Residual value is cash in the defeasance account that is not pledged to make the loan payments. Residual value comes from two different sources: float value and prepayment value.
Float value accrues gradually over the remaining life of the defeased loan. It arises from small timing mismatches between the incoming cash receipts from the matured bonds and the outgoing loan payments. Cash sits in the defeasance account for short periods of time, where it earns interest at money market rates. The float value is released to the Successor Borrower when the loan is paid off.
Prepayment value arises when provisions in the loan documents require the defeasance bonds to provide for all remaining loan payments through the loan’s maturity date but still allow the loan to be paid off on the early open prepayment date. The Successor Borrower will pay off the principal balance of the defeased loan on the early open prepayment date. When the loan is paid off, the remaining bonds in the defeasance account are released to the Successor Borrower, who then immediately sells them on the market. The difference between the sale price of the released bonds and cost to pay off the defeased loan is the prepayment value.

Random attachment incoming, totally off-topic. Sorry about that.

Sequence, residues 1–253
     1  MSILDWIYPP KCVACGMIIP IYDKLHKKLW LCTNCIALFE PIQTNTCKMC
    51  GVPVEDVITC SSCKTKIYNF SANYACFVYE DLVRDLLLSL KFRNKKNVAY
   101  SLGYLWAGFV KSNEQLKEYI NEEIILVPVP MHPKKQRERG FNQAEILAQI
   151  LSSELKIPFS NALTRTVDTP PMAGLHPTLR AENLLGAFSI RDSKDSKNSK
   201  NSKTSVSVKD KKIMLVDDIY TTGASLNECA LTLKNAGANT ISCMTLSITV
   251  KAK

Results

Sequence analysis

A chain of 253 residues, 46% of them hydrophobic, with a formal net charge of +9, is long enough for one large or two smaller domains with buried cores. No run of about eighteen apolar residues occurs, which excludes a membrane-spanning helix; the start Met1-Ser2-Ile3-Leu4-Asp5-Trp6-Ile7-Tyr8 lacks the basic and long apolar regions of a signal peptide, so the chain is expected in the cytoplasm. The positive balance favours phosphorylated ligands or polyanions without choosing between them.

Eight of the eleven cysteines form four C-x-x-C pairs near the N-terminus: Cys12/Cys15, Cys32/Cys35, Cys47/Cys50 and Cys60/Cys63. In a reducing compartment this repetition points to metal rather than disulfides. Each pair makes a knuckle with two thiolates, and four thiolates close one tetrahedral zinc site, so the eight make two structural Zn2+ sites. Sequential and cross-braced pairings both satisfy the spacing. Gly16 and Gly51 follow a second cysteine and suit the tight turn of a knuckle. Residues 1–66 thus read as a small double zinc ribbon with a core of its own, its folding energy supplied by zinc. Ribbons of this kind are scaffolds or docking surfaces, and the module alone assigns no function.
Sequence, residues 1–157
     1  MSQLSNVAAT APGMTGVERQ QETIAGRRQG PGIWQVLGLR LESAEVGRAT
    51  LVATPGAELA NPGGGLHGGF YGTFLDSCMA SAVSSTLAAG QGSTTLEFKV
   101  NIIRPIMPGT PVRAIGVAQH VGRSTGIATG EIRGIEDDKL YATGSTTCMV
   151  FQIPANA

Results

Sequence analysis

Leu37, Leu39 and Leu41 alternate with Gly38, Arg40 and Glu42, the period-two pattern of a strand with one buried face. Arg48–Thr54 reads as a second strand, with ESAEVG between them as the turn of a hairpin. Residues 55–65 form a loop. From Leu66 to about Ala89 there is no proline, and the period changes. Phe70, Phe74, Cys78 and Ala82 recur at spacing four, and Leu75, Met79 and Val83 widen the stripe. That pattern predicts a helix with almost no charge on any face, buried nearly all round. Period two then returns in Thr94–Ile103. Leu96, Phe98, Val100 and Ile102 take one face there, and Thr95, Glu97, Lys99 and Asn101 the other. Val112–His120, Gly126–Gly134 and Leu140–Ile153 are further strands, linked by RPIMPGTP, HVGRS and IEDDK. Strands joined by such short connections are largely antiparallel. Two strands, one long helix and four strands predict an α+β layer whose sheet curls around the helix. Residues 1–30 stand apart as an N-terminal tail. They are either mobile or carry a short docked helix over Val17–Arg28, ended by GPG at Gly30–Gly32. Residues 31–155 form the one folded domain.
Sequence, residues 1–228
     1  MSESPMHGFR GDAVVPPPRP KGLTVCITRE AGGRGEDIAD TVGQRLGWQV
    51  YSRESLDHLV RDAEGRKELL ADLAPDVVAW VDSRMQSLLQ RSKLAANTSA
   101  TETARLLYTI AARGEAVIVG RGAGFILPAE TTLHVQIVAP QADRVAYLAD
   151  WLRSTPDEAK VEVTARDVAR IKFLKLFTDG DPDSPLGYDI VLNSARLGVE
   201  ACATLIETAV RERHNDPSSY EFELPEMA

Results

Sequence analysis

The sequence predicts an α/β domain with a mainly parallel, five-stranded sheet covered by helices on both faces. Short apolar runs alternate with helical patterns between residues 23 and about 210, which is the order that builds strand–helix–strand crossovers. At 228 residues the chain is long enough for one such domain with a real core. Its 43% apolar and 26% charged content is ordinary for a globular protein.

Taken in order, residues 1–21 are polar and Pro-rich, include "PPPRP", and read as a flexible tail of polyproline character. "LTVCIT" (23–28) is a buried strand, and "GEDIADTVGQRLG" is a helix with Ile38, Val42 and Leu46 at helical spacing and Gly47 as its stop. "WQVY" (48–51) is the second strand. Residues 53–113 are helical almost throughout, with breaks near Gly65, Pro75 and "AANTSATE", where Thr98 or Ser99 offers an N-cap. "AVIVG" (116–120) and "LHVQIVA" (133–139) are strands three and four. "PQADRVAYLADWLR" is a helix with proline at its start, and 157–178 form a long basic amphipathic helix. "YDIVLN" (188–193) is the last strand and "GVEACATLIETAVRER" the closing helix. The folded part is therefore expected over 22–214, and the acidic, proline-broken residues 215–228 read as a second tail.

Chatham pioneered the concept of sharing residual value with the original borrower. Since the year 2000, we have returned more than $100 million in residual value to our clients. Chatham gives borrowers the option to receive this value on either the defeasance transaction closing date or the early open prepayment date. As part of Chatham’s continuing commitment to transparency, we always disclose the total amount of residual value earned and the exact terms of our sharing arrangements.